The Miami bike course is an out-and-back that looks like the treads of a staircase.  Left turn, ride a mile, right turn, ride a mile, left turn, ride a mile, right turn....I heard something like 42 turns in 56 miles.  I struggled to find a rhythm and because I was alone the entire time, to anticipate the actual direction to turn at each corner.  Every turn I approached was a sea of orange cones, which only divulged their useful secrets when seen from above or among, once I had already bled off speed to avoid skittering away into the gutter.  I would like thank all those police officers leaning against their cars and nonexistent volunteers for so thoughtfully indicating which direction I would be exiting an intersection before I had entered it.

Several pros and I are still wondering where the promised third aid station disappeared to and why the proffered water bottles at the two we did find were so inflexible as to be unsqueezable and thus effectively useless.  It was no surprise that by the turn-around I was physically thirsty and on the trip back I dropped out of 70.3 gear and could barely keep my body in 140.6 gear.  I just couldn't rev the engine.

One of the few things I remember about the last 10 miles was really really wanting a drink.  Badly.

Interesting observation: the residents of the neighborhoods through which we rode had NO idea there was a race scheduled.  I saw several yard sales completely blocked in on multiple sides by race course/racers/cones.  The purveyors just sat in lawn chairs, surrounded by their belongings and grass, probably somewhat confounded. 

The D(N)DNF Run

The hands-down smartest decision I made all day was grabbing a bottle off my bike as I left T2 and filling it at the first aid station.  Many of the run course aid stations ran out of all liquids and descended into full-on chaos so with my reserve I could avoid the Lord of the Flies.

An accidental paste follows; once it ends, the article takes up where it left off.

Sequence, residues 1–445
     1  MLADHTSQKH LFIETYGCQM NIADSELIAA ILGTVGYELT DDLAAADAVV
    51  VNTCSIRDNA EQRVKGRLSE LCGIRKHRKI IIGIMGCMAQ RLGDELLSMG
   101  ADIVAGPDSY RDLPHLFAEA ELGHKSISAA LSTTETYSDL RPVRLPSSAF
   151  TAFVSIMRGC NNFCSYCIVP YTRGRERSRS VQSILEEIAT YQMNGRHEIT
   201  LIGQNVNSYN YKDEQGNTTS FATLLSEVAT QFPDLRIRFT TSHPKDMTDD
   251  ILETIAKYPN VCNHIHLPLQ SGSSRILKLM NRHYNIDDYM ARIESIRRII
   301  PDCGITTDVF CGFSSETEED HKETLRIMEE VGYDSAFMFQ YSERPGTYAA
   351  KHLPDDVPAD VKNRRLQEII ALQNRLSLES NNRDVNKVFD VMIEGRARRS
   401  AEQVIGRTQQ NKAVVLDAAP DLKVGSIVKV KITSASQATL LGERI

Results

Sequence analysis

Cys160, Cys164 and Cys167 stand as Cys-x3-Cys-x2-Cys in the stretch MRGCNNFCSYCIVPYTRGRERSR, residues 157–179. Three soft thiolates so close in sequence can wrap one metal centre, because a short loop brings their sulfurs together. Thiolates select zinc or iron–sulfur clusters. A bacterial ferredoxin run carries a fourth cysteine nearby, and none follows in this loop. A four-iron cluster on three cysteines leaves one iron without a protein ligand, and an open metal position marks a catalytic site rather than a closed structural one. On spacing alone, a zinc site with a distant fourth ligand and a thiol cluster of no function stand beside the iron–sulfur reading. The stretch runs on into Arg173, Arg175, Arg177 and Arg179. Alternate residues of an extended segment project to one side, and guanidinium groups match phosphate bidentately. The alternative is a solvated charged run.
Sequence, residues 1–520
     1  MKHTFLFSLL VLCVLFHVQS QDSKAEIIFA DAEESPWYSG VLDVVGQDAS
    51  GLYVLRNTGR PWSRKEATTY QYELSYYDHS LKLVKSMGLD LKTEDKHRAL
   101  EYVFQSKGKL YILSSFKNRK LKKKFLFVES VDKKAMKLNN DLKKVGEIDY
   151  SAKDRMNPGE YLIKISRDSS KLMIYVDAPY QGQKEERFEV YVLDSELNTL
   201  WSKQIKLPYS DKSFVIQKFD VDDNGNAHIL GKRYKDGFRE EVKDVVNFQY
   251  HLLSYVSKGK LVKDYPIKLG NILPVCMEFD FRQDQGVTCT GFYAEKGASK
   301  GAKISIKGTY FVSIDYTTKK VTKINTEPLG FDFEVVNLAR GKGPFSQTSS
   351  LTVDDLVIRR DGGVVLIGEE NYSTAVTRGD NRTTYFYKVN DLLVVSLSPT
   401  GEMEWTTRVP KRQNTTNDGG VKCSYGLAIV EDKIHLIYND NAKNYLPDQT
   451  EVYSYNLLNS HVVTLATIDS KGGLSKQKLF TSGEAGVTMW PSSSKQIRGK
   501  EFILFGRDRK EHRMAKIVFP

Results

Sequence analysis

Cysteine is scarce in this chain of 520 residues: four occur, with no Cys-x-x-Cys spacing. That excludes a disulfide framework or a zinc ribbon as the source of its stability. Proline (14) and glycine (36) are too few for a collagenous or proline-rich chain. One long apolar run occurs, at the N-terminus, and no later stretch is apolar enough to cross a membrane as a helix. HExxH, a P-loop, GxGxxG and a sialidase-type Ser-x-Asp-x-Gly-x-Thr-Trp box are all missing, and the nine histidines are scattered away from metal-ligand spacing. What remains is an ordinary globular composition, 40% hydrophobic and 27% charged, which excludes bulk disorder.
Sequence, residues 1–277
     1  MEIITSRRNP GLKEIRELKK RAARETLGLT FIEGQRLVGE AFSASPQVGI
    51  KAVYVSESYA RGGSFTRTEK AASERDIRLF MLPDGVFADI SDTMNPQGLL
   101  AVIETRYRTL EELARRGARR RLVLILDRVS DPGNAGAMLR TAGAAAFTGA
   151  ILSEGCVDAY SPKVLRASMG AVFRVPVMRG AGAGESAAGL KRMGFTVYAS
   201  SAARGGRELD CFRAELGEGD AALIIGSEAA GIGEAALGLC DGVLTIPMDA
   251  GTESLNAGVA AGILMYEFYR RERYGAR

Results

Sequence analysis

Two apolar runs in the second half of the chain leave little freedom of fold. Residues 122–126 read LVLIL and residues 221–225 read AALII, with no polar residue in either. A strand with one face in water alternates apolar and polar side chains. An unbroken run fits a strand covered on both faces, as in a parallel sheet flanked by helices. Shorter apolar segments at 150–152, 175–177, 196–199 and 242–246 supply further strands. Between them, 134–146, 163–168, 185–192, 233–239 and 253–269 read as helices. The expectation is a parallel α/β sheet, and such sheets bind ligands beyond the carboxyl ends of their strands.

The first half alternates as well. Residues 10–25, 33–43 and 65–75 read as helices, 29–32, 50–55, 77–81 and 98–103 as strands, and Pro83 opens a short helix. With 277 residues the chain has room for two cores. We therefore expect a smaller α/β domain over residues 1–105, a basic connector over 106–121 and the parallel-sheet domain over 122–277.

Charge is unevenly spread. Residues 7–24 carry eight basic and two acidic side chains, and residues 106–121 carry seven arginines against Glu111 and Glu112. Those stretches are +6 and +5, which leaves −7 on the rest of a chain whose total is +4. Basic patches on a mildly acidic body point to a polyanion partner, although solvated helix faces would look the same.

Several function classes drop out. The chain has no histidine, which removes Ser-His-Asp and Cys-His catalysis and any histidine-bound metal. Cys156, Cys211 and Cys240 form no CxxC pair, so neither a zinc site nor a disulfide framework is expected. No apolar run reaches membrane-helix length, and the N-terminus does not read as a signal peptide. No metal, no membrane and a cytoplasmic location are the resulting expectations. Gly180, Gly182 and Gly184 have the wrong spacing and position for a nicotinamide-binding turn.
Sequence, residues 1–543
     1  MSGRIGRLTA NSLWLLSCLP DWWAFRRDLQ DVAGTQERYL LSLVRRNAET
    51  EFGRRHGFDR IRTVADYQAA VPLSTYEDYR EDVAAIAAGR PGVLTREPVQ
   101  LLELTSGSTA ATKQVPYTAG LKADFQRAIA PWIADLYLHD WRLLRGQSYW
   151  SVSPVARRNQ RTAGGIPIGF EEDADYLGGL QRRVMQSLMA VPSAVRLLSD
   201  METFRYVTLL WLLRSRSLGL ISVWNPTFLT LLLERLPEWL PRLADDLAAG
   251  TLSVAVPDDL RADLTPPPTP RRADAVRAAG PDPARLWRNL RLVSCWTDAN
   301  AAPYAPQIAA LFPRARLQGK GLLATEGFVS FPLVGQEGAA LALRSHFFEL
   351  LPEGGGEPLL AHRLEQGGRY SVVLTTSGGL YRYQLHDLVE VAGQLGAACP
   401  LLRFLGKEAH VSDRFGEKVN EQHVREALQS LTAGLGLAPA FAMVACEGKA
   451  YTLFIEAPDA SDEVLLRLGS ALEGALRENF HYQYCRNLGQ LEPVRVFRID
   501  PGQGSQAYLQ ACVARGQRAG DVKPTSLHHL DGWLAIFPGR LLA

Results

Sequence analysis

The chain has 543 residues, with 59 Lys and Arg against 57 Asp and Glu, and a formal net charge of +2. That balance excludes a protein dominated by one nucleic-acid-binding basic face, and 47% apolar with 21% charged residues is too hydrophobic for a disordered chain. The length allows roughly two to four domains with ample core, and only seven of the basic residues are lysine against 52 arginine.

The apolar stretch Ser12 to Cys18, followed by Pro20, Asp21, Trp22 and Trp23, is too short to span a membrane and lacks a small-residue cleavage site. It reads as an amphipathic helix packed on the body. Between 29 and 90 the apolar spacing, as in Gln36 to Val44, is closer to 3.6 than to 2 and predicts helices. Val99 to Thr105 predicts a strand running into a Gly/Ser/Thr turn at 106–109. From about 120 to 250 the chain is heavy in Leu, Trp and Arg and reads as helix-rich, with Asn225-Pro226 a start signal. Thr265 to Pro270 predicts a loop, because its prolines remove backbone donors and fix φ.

The first four miles felt like death.  I tried to make myself vomit, unsuccessfully.  I was facing eight (8)(!) bridge climbs at was amounting to a snail's pace and set the bar low: don't do not finish.  Some discomforts had resolved by the third bridge climb and from there on out each bridge climb felt stronger and I kept getting (marginally) faster.

And eventually it was over.  Oh and I saw Laurent Jalabert out there.  He posted the fastest bike split of the day, including even the pros. 

Like The Pain I Wanted, But Different

 A swimming partner of mine asked me if 70.3s feel like half a race to me.  I told her, no, they just hurt differently.  

I guess you are going to have to take my word that I really wanted to feel that different pain.  I wanted to go fast and feel the pain of going fast (instead of just long) and face it and embrace it.  I wanted the feeling I get when the sun sets at the beginning of my track workout and I'm running, hard, in circles, in the dark, focusing intently on the staccato racket of my breathing and safety lights on the high school buildings in the distance.  Concentration.  Speed.

Instead it's the pain of a lost chance and unmet expectations.  The logistical glitches didn't ruin my race - I did that pretty handily all by myself - but literally from the gun, they did set the tone for what was to come.  Every races teaches us some lessons and the inaugural Miami 70.3 is no exception.  For me, one of them was to let them work out a few of the kinks before I consider racing here again.  

I wanted my scavenger hunt to be for more than the finish line.

The End